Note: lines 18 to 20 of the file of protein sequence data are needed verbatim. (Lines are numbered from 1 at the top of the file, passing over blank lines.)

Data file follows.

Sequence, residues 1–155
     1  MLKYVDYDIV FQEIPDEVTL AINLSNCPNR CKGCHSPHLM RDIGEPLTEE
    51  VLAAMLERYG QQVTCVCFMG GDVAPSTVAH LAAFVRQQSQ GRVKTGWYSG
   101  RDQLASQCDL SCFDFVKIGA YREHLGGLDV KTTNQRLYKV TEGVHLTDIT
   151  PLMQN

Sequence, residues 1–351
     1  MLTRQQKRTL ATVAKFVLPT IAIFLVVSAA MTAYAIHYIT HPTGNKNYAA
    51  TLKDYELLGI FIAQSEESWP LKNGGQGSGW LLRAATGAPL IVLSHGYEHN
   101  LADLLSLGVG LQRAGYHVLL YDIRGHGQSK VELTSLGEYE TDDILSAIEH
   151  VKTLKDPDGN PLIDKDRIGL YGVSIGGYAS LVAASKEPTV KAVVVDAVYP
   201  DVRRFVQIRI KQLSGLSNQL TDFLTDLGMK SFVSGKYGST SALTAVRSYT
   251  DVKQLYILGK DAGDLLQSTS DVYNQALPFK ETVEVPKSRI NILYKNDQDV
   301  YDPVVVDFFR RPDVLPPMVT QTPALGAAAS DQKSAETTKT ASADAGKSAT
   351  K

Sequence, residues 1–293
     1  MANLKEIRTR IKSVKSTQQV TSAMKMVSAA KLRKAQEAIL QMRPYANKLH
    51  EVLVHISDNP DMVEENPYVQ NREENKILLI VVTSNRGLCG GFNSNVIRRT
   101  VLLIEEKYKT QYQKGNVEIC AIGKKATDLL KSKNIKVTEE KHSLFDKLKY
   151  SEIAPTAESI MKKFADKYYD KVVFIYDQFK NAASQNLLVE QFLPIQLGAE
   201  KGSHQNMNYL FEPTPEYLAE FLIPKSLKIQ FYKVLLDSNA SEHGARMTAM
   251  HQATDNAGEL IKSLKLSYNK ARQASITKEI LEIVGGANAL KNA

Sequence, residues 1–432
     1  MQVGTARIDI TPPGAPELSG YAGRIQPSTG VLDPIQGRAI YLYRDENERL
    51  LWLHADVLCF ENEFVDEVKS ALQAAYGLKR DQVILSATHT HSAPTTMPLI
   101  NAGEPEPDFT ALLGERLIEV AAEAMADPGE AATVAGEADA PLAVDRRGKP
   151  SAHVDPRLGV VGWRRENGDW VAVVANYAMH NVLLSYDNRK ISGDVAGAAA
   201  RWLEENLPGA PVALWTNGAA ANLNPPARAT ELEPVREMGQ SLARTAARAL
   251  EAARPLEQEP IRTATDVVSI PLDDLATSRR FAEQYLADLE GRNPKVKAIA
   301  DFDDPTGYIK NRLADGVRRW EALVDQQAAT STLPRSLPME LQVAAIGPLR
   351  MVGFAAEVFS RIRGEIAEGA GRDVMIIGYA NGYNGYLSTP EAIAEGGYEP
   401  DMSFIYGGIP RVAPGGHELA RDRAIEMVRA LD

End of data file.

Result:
   101  VLLIEEKYKT QYQKGNVEIC AIGKKATDLL KSKNIKVTEE KHSLFDKLKY
   151  SEIAPTAESI MKKFADKYYD KVVFIYDQFK NAASQNLLVE QFLPIQLGAE
   201  KGSHQNMNYL FEPTPEYLAE FLIPKSLKIQ FYKVLLDSNA SEHGARMTAM